You can also turn these backgrounds into postcards or book covers or anything else really. It's easy to have a few lying around just in case...

STEP 4 (optional)

Use a sewing machine to create random shapes on the cards (sorry no pictures for that one, but in the finished cards you can see a couple that have sewing on them)


Glue scrapbook paper (or any other paper you like) on the back of the cardboard.You can actually do this step at any point, but if you want to sew on your cards you have to decide if you want the sewing to show on the back of the cards - in which case you do step 5 before step 4 - or not)

                                                          (I used old world atlas pages)


Use a paper trimmer to cut the cardboard in rectangles that are 2 1/2 by 3 1/2 inches. Round the corners.


Add word or quote

It turns out Jessica decided to hold another swap a few months after the first one. This time there was no way I was going to miss it. Here's a picture of some of the cards I did.

Since it's supposed to be quotes, I made an effort to find some I liked and finally did. In one of the tutorials for the cards someone printed quotes on tracing paper, so that you can still see the image through it. I really liked the idea, so I tried that. It turns out I don't really like it so much. I don't know if it's the printer, or the paper, but the ink is definitely not smear-proof and since I wanted to use gel medium to glue the quotes, and the paper is so thin it curls, it was hard to not smudge them at all. I ruined a few... I'll have to figure out something else for next time. I did just write on about a quarter of them.

 I can't wait to receive a deck full of other people's artwork ! It's such a great idea, thanks Jessica.

Thursday 10 May 2012


Before going to Artfest I couldn't figure out what to bring for trades. I tried this and that and at some point I thought envelopes would be fun and it's something you always need. So I played around and started having a lot of fun making them.

Not long ago, Jessica Brogan, whom I met first through (or HSHB) and then at Artfest asked me if I could make a tutorial for my painted envelopes. I liked the idea, so here it is...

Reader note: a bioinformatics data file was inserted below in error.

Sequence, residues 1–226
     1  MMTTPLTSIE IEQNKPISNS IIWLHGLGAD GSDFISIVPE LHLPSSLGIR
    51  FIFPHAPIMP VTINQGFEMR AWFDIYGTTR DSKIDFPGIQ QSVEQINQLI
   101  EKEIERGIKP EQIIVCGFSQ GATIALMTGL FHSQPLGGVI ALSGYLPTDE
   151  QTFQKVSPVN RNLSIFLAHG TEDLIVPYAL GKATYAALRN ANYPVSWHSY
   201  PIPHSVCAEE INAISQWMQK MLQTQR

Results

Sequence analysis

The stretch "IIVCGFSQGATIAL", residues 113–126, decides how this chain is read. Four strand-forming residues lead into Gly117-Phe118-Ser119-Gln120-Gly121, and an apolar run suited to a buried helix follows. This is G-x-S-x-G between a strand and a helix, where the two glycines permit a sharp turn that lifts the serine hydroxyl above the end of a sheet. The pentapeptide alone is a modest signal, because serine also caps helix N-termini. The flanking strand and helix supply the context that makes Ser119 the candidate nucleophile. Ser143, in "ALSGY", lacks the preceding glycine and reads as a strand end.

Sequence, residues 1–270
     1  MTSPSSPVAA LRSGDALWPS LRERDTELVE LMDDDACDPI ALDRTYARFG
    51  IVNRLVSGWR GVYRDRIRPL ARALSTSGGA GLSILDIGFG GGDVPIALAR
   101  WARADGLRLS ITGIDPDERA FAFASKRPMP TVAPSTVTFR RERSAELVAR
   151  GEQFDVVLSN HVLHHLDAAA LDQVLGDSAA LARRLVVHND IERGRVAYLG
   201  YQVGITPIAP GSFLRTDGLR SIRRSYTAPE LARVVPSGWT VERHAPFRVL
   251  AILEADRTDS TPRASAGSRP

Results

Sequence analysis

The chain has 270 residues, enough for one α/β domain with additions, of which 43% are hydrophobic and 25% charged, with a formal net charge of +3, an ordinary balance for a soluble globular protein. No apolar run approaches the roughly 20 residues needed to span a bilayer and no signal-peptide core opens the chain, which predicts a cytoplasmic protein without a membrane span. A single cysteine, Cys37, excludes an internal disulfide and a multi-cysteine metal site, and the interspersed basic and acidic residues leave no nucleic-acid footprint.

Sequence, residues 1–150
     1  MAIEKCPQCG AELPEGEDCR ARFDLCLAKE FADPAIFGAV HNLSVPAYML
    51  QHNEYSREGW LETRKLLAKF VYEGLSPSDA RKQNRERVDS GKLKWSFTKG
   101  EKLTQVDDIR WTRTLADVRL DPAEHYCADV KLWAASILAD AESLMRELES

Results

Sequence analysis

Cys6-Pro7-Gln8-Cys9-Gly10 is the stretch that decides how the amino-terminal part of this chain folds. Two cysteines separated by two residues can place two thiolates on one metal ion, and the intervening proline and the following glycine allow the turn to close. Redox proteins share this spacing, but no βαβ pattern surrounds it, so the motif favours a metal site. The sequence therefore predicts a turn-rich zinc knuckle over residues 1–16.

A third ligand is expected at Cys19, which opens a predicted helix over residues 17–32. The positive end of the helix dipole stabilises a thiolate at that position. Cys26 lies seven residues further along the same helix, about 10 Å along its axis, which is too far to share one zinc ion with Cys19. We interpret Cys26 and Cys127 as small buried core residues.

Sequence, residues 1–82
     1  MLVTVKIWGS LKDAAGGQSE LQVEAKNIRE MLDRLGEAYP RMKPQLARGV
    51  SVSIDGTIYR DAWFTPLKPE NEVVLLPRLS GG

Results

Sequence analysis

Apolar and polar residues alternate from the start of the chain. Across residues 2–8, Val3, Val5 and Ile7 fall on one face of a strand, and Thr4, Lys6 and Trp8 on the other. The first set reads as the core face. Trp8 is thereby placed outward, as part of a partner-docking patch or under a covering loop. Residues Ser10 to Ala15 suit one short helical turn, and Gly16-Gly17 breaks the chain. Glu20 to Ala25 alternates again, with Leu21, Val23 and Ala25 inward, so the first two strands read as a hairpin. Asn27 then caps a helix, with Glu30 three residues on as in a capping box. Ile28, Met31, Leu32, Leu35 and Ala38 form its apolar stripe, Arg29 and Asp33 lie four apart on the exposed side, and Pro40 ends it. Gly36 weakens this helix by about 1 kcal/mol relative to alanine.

You will need :

  • Paper, whatever color you want, thicker than printer paper, but not cardstock (it is a bit too thick to fold. It works but makes a pretty heavy envelope. )
  • Doily, punchinella and/or any stencil you like
  • Color wash spray (I use Adirondack, but also Radiant Rain by Creative imaginations. The colors are very bright even when dry and the sprayer doesn’t get clogged – unlike the Adirondack ones. But really, any kind will do, it doesn’t have to be watersoluble or not, it will just have a different effect in the end).
  • White liquid gesso (preferably one that doesn’t cover too much)
  • Background stamp 
  • Stamp pad (an ink that dries quickly like Stazon or Colorbox Liquid Chalk. Whatever you have)
  • Acrylic ink (liquitex or FW have great colors)
  • Scoring board with envelope tool (or an envelope template, there are tons on the web)
  • Bone folder
  • Glue tape (or double-sided tape or any king of good glue that you like)

I recommend doing several envelopes at once

Cut a piece of paper in a 7 ½” square (it makes a 5 ¼” by 4” envelope)

Use a doily (or any stencil you like) to make a pattern with color wash spray (you can see my cotton doily has seen many colors...)

Let it dry a little and paint white gesso (preferably one that is more transparent) in a  random way over the pattern. Let dry.

      Put a couple of drops of acrylic ink and rub them on the paper with your fingers.

    Make some marks with inkpads and punchinella

Use a background stamp and cover the whole paper (script in my case) with a light color (like bronze)

Here are a few papers. You can see I added a few letters with a lettering stencil.

 I decided to add some circles with a bottlecap and distress ink (any ink will do)

Feel free to skip or repeat any of those steps. You can see  a little bit in the first picture I didn’t always follow the same guidelines. Sometimes I painted gesso on through a stencil or through the punchinella. Sometimes I added paint here and there. I also used the sprays with a letter stencil instead of the doilie. Feel free to make any king of marks you want. There’s all sorts of options.

Once you like the way it looks you are ready to fold.

Place your painted square painted face down on the scoring board. Using the triangle (envelope tool) score at 3 ¼”, turn, score at 2 5/8”, turn, score at 3 ¼”, turn and score at 2 5/8”.

You will get 4 little triangles not quite in the middle of each side. Cut them out on the scoring lines (actually it’s better if you don’t see the scoring line once you are done cutting).

Time to fold ! Use a bone folder and fold all sides toward the center of the unpainted side. Make sure all sides fold nicely, cut out a little more if necessary.

Decide which of the bigger flaps you want to see on top. Fold the 2 small flaps and use glue tape to adhere the bigger flap. 

If you want, use a punch to decorate the edges of the 4th flap. 

That’s it, you’re done !

Have fun   

Tuesday 28 February 2012

Starflower pattern is done

Making beadweaving patterns is a long process.

I usually play around with beads and come up with something I like and don't do anything about it for a while. Then one day I figure I could make a pattern of it. So I have to remember how I did it, then make another one as I write the instructions and make diagrams for it. That's the best way to not forget any steps. But making diagrams is not easy.